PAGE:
If you have been under a rock (like I was for a while!), Docker is a container technology and containers are very cool. Containers sparked my interest in the same way that virtualization did the first time I saw it. I really regret not getting into it sooner but better late than never. Seriously if you haven’t played with containers at all try it on a local system, VM, or use this really nifty site http://training.play-with-docker.com/
I considered trying to write a series for this but it became too fuzzy in my head about what would come first, second, etc. So instead I just decided to write some articles about some aspects of Docker networking. These will probably dovetail into more articles about containers and management in general but for now I wanted to address networking as this was confusing for me. This is a hefty one so I broke it into multiple pages vs the separate posts with links like normal.
Container networking is interesting in that if you aren’t a serious linux dude or dudette, it is likely that the underworkings will be pretty baffling to you. And simultaneously, it is likely that it will “just work,” although you may not fully understand how it is working and the extent of the connectivity. Contrarywise, if you are a serious linux dude or dudette and have your own secure configurations, you will probably understand it but it may break some of your configs. Like most things for me that “just work” I want to get at them from the bottom and see it working up to the top.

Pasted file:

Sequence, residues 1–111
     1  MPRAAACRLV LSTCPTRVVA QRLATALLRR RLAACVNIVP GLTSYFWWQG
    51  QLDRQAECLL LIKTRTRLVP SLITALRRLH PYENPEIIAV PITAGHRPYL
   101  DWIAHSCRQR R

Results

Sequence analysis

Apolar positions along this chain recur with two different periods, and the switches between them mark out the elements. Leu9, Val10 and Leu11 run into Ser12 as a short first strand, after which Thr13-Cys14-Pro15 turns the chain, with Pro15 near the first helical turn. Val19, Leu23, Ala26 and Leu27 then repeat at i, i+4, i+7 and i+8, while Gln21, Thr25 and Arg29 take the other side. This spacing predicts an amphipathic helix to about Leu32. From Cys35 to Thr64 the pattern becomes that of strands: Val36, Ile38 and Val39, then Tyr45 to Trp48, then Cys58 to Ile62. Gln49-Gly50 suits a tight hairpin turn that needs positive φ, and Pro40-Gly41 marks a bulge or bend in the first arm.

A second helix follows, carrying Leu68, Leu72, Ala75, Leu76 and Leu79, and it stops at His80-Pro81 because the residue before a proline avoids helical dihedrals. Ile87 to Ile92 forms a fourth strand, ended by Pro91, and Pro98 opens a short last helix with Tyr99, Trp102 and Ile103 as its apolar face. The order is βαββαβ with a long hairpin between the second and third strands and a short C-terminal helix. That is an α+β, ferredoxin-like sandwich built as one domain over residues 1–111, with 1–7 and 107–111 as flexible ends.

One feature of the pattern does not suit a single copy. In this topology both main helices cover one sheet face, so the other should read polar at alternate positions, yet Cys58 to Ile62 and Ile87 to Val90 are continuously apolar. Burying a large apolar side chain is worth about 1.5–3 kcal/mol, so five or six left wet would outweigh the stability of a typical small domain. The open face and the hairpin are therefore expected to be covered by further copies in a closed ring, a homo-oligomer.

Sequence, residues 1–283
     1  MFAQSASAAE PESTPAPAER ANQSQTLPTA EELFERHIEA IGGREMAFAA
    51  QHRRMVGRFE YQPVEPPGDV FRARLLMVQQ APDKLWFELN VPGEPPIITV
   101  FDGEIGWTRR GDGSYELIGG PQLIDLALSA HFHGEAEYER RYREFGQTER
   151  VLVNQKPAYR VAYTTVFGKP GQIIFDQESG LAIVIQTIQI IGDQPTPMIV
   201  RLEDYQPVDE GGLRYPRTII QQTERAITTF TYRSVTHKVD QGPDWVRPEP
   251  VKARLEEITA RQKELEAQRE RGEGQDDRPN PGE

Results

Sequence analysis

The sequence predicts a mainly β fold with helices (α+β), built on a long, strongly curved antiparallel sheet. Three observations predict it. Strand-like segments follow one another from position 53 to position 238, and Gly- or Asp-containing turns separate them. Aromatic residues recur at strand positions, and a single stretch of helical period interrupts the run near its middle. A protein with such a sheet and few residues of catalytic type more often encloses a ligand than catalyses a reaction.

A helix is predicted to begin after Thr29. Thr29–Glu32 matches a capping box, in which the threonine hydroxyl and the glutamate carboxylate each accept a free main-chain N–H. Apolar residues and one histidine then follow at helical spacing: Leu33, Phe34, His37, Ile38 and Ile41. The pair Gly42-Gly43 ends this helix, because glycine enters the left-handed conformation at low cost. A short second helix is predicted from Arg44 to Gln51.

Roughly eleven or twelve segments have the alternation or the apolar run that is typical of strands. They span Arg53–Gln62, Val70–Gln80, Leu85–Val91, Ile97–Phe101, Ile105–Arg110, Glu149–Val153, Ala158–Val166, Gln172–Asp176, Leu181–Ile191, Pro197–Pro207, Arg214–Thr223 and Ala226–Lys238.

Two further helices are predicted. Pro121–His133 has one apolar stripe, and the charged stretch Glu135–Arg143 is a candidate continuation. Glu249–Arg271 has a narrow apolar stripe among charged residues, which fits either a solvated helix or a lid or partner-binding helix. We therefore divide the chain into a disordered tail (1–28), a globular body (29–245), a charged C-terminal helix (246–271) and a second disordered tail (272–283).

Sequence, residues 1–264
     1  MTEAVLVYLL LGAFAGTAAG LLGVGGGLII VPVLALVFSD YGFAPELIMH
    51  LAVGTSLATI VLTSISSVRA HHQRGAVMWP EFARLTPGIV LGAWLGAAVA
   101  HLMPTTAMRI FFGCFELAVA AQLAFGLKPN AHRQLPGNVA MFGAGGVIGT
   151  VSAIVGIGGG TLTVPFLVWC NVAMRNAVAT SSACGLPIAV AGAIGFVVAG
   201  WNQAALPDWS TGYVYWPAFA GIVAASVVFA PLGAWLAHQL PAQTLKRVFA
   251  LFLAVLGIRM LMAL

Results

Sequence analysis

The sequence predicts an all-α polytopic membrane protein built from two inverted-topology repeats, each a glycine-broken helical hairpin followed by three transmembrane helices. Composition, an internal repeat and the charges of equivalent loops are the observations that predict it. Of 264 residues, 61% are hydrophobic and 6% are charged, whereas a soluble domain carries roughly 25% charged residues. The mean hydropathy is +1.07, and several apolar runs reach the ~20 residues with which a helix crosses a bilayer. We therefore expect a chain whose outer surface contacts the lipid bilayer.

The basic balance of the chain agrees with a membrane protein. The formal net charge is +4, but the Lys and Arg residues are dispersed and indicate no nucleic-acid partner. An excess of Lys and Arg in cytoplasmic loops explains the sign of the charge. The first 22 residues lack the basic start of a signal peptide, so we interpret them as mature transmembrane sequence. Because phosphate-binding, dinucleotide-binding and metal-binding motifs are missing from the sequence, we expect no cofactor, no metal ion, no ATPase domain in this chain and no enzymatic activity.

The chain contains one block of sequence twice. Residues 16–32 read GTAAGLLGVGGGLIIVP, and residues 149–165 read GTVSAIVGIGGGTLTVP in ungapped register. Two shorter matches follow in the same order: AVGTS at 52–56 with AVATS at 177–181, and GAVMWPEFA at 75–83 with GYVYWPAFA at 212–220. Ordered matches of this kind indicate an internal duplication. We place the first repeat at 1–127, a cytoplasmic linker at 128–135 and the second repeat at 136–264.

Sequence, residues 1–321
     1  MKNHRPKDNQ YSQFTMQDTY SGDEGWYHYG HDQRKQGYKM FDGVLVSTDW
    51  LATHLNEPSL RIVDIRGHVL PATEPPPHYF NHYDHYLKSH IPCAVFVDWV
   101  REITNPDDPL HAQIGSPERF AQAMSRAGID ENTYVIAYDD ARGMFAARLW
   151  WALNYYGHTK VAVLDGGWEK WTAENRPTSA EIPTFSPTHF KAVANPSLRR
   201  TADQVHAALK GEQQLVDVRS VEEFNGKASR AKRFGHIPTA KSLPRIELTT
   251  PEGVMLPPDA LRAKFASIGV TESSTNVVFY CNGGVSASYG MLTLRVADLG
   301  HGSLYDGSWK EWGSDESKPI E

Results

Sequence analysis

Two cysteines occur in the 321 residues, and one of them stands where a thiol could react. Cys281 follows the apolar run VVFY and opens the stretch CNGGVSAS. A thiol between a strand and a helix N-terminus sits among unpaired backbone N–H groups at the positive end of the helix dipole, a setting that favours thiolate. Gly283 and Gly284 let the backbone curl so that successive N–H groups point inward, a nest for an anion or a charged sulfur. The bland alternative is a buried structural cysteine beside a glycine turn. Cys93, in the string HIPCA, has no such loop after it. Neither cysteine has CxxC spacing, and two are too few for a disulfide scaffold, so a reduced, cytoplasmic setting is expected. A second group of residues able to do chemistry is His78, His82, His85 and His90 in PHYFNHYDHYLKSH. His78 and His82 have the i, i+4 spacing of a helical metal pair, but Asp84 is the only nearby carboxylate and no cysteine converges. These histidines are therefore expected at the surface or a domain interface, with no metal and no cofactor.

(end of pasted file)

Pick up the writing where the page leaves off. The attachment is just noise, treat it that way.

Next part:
In this post we are going to do something very simple. I’m going to spin up a CentOS container on a VM and then examine some aspects of the network after I do that. I’m not going to be serving up any web or DB traffic as I want to start small. Believe me when I say there is a lot to digest even in this straightforward config.
As a reference, I’m running CentOS 7.3, selinux in permissive mode, firewalld disabled. All I’ve done on my base VM here is install vim, bridge-utils, and docker-ce (17.06.0-ce). Docker is enabled (systemctl enable docker) and started (systemctl start docker) without any additional configuration or modification from defaults. Again, as straightforward as it gets.
First we’ll check out the state of networking without running any containers.